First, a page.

‘A framework for economic stability’
By Samuel Brittan
Published: December 4 2008 20:21 | Last updated: December 4 2008 20:21
The reduction to 2 per cent and 2.5 per cent of the Bank of England’s and European Central Bank’s respective official interest rates may be historically unprecedented, but it is the least the two central banks could have got away with. Their measured step-by-step approach falls below the level of events and makes me wish that the US Federal Reserve were in charge of policy on the European side of the Atlantic as well.
The Bank’s continued reluctance to resort to extreme measures makes it all the more unfortunate that the November 24 pre-Budget report turned out, at best, a damp squib and, at worst, counterproductive. Little of the discussion was on the fiscal stimulus but rather on the subsequent tax increases required “to pay for it”. If an old-school economist had deliberately tried to arrange a demonstration against fiscal policy, he could hardly have done better.
It did not help that vetoed proposals to announce an 18.5 per cent or even 20 per cent value added tax at some future date leaked out. Nor was the smallness of the immediate VAT cut – from 17.5 per cent to 15 per cent – a brilliant idea. Having decided to risk being hanged, why not for a sheep instead of for a lamb? If VAT had been cut to, say, 12.5 per cent, it would have been far more difficult for populists to dismiss it as a small factor among the many other influences affecting prices in the shops. Can Gordon Brown really have feared the European Commission?
The most important error, however, was to take too seriously the voices clamouring for a re-entry path to sound finance once the recession is over. Hence the projections showing a return to current budget balance by 2015-16. Hence, too, the assumption of a sharp but short-lived V-shaped recession. Thinking about alternatives led me to re-read a 1948 paper by Milton Friedman entitled A Monetary and Fiscal Framework for Economic Stability, reprinted in Essays in Positive Economics (1953).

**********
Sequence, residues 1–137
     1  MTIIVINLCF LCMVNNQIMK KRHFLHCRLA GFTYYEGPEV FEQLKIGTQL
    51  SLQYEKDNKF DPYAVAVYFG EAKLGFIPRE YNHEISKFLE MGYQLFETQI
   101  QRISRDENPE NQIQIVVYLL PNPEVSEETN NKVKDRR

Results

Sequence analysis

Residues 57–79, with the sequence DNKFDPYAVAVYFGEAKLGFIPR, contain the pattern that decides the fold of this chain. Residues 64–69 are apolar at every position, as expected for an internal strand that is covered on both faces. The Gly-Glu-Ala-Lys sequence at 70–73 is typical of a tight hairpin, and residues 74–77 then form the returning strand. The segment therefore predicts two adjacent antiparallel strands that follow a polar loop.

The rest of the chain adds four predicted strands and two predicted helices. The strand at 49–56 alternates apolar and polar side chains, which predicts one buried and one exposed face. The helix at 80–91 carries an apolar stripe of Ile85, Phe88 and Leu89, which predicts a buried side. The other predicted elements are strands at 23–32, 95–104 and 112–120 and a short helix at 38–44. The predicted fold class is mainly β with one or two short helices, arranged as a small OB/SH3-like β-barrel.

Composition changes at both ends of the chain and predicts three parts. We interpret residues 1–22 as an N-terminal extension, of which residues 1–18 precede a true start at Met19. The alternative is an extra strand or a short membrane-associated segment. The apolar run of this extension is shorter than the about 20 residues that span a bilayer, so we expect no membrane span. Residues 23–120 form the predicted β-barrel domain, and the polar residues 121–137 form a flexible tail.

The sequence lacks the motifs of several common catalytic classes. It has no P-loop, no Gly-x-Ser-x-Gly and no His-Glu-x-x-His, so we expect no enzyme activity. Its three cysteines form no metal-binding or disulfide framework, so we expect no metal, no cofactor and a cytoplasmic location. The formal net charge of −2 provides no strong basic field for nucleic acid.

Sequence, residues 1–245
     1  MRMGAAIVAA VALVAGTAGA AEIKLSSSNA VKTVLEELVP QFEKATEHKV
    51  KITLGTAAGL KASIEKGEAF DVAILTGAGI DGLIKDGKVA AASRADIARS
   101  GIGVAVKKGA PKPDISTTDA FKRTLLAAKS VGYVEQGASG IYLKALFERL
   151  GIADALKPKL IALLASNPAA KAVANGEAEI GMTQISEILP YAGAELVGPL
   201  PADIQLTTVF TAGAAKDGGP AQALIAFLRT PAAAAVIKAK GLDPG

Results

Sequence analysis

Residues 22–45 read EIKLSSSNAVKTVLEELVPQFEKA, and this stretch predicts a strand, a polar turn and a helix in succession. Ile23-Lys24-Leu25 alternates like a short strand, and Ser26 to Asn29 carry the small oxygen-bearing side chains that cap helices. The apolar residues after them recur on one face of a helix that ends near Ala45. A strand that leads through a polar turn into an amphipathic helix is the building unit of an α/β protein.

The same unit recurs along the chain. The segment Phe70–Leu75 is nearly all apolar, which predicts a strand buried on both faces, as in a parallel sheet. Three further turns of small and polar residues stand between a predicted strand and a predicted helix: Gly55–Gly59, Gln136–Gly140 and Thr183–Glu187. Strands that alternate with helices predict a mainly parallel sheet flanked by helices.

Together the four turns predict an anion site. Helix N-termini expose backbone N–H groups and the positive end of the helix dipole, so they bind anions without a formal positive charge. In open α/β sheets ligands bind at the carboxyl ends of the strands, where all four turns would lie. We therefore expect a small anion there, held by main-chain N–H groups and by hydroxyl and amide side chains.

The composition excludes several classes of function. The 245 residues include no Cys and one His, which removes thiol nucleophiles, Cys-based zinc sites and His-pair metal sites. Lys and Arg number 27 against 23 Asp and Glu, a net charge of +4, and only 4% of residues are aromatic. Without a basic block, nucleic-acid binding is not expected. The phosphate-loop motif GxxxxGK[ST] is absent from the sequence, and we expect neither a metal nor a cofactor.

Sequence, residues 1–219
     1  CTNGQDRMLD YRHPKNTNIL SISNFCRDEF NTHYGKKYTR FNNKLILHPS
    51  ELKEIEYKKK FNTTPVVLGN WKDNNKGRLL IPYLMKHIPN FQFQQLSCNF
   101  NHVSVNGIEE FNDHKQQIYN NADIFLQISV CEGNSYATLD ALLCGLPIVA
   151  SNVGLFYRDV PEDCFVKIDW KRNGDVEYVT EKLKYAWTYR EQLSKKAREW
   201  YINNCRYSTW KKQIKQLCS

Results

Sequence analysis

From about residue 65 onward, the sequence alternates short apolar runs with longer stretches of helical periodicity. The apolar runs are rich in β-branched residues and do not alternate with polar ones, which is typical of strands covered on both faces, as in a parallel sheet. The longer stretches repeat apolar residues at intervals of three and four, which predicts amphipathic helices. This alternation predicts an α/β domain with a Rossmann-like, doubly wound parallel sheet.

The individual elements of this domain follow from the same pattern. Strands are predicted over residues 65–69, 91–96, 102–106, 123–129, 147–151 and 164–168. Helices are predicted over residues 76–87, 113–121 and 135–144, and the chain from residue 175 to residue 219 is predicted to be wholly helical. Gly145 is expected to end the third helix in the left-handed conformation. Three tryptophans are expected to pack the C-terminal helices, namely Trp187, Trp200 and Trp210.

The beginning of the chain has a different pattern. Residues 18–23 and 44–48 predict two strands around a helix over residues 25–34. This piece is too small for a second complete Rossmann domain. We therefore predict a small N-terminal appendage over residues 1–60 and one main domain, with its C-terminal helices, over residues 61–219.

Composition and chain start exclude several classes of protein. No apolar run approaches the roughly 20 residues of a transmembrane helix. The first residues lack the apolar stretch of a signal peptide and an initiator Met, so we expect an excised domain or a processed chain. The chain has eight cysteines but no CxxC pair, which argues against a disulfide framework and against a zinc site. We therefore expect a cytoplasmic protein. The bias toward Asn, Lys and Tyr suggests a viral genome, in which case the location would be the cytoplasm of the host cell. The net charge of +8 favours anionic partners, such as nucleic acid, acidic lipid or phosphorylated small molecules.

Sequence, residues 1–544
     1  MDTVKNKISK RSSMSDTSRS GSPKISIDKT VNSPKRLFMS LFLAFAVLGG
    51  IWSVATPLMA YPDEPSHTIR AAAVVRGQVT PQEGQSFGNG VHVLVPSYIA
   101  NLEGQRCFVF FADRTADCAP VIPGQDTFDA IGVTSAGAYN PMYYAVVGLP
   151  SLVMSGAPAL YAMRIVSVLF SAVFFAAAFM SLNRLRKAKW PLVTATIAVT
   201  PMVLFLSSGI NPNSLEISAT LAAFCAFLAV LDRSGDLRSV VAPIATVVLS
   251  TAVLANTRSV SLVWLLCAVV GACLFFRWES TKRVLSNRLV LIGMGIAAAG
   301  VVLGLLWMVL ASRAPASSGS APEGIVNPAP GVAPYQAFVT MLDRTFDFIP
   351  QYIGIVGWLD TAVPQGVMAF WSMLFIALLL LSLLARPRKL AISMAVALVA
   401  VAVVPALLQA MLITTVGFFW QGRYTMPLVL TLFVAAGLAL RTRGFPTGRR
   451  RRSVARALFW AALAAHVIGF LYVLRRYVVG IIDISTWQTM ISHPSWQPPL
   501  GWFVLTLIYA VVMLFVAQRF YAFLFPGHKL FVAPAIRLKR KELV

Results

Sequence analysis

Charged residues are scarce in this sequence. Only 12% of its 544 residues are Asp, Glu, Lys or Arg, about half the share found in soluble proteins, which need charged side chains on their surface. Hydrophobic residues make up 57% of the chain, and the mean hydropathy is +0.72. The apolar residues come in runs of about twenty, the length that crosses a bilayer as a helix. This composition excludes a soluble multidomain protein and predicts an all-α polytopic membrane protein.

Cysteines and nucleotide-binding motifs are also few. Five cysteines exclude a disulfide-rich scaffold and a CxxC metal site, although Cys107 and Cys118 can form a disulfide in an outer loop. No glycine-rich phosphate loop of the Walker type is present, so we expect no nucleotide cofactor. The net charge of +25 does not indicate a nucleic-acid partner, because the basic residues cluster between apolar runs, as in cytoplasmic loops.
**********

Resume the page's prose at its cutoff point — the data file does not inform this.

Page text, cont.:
I found this early essay much more helpful than his better-known later proposal for a constant growth of the money supply. The 1948 paper contained four proposals:
First, a long-term policy of determining government expenditure on goods and services, either in money or real terms, entirely on the basis of the community’s desire and willingness to pay for such services.
Second, a predetermined programme of transfer payments for items such as pensions and unemployment pay. “Such payments will be high when unemployment is high and low when unemployment is low.”
Third, a progressive tax system primarily based on the personal income tax. The rates set should be sufficient to balance government spending at a hypothetical level of national income corresponding to “reasonably full employment at a predetermined price level”.
Fourth, budget deficits would be financed entirely by the creation of money by the Fed and surpluses used to retire money. This would best be accomplished by adopting the 100 per cent reserve proposal for banks, “thereby separating the depositary from the lending functions of the banking system”.
The first three proposals look at first sight like the “automatic stabilisers” that governments came to rely on as the main fiscal contribution to economic stability before the present emergency. But there is a crucial difference. In a recession, governments would not have to forecast the path of recovery, as the British government has done, or the timing of the return to budget balance. In a normal cycle, the return would be automatic. But, if forebodings of secular stagnation, with the desire to save at high employment levels exceeding investment opportunities, were fulfilled, then budgetary stimulants would continue as long as necessary.
The banking and monetary side might appear novel. Friedman regards them as desirable in their own right. In this context, they have the advantage of making the monetary response to the business cycle automatic. But he concedes that the same results could be achieved under the present fractional reserve system by appropriate monetary policy rules.
Clearly much work would be required to adapt the Friedman framework to today’s institutional structures. In any case, it would not make sense to stake out a public expenditure path and corresponding tax rates until we have a better idea of the sustainable employment level (or output gap) likely to emerge from the present turmoil and also the new trend growth rate. But it is not too early to start preparing.
Postscript. Those alarmed by UK official projections showing public sector net debt climbing from 36 per cent of gross domestic product last year to 57 per cent in 2012 should bone up on their history. There are long passages in Macaulay showing how the nation prospered despite increases in the national debt – regarded by sages as catastrophic. In his one and only Budget speech, Harold Macmillan noted how the national debt had risen from £600m in 1914 to £8.4bn in 1939 and £27bn in 1956 – representing 27, 133 and 146 per cent of GDP. As Macmillan put it: “Whatever the temporary difficulties from trying to run too fast, if we stand still, we are lost.”